Arriving in Cuzco early morning.
My whole body hurt when I woke up. A whole day and night in a bus, I had definitely enough. But there we were, Cuzco, one of the highlights of our South America trip. At a height of some 3.600 meters above sea level the city used to be the capital of the mighty Inca Empire and is considered nowadays as the continent’s oldest continuously inhabited city.
It was not even 8am when we got out of the bus into the cold by the „Mercado Central“, the central market. Next to us was the San Pedro train station so we used the chance to arrange our train tickets to Aguas Calientes for the evening.
Aguas Calientes is the closest village to Machu Picchu and the starting point for many tours. Unfortunately Peru Rail has a monopole for the track and the prices they charge are really western. As I read that the train tickets get sold out quickly I tried to book them in advance through the official Peru Rail website, but it didn’t work. There were few direct trains from Cuzco to Aguas Calientes, but these were sold out already...of course. The other possibility was to buy tickets from Ollantaytambo which was about half way. We were lucky, they had free places for the 8:30pm tourist class. Some 34 USD each was the price we were supposed to pay. We would have liked to buy the return tickets as well, but the lady behind the desk apologized and told me that the system wouldn’t let her book them. She told us to buy these in Ollantaytambo.
Ollantaytambo, what a name. Difficult to pronounce, difficult to remember.
Random dog or random guys?
We stepped out of the train station again. Hopefully we will be able to buy the tickets back, otherwise we might lose more time that we could afford.
Outside were some old ladies selling coca candies. According to locals coca leaves help to reduce fatigue, hunger and cold, as well as the effects of altitude. They don’t produce a rush or let you feel high. I was really curious so I bought a package of the candies. Mmmhhh, sort of bitter, not really tasty.
At that point a taxi driver approached us and offered to take us to some of the touristic spots around Cuzco.
We didn’r really have time for that, but we had to get to Ollantaytambo in the evening. He thought about it a bit and said 50 soles, about 17 USD. Divided through 4 the price seemed fine. And we would save time. I told him we would use his services but not immediatly, we needed him for the evening. He agreed and we set up the meeting place in front of the big cathedral on the „plaza de armas“ at 6pm. The truth was we weren’t sure if he will be there at the accorded time, but if not we would organize another taxi.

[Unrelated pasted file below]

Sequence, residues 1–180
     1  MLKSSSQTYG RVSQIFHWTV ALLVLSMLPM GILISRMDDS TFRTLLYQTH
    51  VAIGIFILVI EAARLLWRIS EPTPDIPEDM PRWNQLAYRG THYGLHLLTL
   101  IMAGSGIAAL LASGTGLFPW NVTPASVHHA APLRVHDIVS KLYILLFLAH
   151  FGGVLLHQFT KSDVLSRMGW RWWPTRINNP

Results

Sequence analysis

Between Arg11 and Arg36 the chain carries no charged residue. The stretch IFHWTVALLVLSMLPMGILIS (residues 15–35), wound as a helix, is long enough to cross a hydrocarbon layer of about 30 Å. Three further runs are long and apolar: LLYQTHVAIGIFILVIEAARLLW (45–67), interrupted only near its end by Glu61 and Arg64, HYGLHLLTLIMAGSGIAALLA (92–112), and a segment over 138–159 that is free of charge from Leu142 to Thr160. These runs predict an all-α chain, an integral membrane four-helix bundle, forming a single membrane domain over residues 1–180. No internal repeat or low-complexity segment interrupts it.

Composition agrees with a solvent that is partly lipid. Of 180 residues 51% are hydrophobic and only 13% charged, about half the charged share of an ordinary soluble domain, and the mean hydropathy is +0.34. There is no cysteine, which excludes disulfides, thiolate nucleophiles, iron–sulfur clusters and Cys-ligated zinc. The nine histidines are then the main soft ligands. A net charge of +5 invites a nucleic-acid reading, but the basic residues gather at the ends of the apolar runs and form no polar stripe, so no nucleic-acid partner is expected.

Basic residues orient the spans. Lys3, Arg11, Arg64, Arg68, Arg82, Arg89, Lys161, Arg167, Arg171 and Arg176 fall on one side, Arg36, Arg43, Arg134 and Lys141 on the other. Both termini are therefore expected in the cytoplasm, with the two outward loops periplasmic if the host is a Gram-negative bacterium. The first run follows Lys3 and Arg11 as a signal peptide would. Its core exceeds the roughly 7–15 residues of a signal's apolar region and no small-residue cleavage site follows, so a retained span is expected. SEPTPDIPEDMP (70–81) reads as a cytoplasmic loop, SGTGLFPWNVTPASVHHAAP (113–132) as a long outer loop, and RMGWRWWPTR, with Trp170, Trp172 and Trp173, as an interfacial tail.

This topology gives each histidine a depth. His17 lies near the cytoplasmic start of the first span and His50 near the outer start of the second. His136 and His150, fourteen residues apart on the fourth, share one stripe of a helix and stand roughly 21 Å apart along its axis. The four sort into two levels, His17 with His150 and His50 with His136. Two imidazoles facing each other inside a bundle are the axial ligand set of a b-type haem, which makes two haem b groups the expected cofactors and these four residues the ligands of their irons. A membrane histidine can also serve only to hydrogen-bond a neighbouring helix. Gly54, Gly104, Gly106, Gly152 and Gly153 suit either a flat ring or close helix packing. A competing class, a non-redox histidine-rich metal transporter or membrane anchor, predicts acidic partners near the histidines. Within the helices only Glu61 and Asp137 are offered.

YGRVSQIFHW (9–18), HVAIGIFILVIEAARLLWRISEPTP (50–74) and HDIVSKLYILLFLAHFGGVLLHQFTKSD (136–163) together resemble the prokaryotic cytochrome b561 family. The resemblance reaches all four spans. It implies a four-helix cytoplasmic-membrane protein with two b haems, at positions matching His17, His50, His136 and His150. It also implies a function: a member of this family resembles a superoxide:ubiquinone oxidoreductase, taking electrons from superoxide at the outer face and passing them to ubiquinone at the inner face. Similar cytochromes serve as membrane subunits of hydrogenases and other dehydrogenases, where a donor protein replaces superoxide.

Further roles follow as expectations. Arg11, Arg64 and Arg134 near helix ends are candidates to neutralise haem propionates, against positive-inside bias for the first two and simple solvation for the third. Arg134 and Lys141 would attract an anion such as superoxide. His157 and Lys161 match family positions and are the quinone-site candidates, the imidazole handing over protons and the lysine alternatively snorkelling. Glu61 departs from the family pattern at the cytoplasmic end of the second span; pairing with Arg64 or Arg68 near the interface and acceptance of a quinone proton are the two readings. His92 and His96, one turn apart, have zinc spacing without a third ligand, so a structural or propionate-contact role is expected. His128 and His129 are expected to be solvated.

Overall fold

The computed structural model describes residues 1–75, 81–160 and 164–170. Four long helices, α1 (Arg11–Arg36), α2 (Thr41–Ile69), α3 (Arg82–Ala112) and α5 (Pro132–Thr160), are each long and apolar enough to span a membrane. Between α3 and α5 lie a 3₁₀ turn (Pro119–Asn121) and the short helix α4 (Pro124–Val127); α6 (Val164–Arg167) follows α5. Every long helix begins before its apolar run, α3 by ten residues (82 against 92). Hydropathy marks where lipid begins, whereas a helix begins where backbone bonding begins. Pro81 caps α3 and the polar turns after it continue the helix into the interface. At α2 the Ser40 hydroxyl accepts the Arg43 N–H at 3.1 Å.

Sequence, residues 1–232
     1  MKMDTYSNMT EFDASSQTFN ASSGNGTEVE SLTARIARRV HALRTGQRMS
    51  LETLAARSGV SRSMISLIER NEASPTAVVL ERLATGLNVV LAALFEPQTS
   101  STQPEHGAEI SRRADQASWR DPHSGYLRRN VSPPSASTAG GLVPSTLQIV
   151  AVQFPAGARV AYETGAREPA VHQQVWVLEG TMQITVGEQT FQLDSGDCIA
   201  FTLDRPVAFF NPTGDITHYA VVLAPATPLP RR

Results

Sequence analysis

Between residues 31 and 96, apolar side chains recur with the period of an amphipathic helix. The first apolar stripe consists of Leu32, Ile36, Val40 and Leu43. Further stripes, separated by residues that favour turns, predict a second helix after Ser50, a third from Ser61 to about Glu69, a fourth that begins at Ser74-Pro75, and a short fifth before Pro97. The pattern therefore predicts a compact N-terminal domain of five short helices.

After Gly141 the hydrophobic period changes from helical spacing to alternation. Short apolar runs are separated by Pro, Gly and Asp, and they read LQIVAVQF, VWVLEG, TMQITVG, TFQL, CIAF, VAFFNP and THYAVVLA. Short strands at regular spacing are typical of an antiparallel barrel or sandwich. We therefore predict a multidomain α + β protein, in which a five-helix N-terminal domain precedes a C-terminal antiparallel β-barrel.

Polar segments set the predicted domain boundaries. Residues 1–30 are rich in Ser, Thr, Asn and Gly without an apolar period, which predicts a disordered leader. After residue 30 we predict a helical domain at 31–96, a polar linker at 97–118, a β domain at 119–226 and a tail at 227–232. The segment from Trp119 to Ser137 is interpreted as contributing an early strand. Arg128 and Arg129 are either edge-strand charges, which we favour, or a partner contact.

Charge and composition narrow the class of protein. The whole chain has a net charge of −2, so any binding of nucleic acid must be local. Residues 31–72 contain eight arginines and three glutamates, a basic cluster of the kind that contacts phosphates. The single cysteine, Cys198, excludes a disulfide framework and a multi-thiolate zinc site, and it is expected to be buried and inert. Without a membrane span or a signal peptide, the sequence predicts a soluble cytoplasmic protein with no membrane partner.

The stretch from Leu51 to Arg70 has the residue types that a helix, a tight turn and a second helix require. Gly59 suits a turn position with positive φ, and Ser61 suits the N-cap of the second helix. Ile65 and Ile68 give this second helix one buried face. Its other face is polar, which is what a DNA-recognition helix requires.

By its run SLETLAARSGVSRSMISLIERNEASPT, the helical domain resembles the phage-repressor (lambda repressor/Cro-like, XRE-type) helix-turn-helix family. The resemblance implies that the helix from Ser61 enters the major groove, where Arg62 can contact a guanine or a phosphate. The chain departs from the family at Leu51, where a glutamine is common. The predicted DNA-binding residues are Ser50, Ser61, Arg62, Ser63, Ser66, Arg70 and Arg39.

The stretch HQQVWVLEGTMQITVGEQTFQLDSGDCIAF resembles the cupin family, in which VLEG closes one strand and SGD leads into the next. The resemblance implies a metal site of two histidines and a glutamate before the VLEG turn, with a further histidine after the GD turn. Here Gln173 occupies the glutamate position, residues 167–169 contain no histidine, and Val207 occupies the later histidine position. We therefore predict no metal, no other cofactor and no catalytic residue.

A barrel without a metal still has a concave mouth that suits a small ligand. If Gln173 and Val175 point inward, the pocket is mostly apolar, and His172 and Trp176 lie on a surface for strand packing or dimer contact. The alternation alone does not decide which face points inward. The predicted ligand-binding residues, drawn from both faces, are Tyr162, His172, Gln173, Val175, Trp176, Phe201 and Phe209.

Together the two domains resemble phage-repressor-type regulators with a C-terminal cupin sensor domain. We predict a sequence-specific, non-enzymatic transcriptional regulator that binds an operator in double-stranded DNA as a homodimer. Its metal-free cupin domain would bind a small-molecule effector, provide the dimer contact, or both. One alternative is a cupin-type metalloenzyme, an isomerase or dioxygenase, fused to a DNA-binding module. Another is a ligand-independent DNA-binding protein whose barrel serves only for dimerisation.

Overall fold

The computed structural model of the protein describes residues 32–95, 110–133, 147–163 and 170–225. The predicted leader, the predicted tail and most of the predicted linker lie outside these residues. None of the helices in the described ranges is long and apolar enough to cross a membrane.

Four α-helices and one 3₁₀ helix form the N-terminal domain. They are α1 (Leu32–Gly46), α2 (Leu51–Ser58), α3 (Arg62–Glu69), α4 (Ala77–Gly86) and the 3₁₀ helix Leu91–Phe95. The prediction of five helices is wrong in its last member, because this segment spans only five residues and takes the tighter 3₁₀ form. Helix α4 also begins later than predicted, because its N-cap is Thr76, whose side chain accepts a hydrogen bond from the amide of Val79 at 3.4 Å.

We found a couple of good sounding hostels in my Lonely Planet Guide book so we started walking carrying our big backpacks on our backs direction center where they were supposed to be around. The city was still relatively empty due to the early hour and with the sun climbing higher it was getting slowly warmer. Cuzco seemed to be really a beautiful city full of colonial houses.
We just arrived at the plaza de armas when we were stopped by a 50 years old looking guy. He wanted to suggest us some accomodation and maybe some tours around Cuzco. What he was saying didn’t sound too bad, maybe we could have at least a look on that hostel as it didn’t seem to be too far away. And the price sounded fine as well. What we didn’t consider was that fact that the hostel was up a small hill. Under normal circumstances climbing up even when carrying all our luggage wouldn’t be such a big problem. Under normal circumstances. Here we were 3.600 meters above sea level. The climbing was tough, really tough. I felt like I’ve had been smoking since I was 5. And I’m a non smoker!!!! I guess all the ancient Inca gods liked us because we managed somehow and suddenly we were standing without breath in front of the Apu Wasi hostel.
It had a nice courtyard and looked really fine. We had a look on the room which was very spartanic (bathroom was a shared one outside) but it had 4 beds (actually nothing else) and we could stay just between us. The best on the hostel was the amazing view above Cuzco from the floor where our room was. And the nice hostel stuff of course. The only question left was if they will allow us to leave our luggage here while we would go to Aguas Calientes that night. We planned to stay in Apu Wasi the night after. They didn’t seem to have any problem with it.
While we were discussing by a cup of tea what to do next, the guy who brought us here appeared again. With some further suggestions. As we had no accomodation accorded in Aguas Calientes and we would arrive very late in the night we suddenly agreed that he would organize it for us.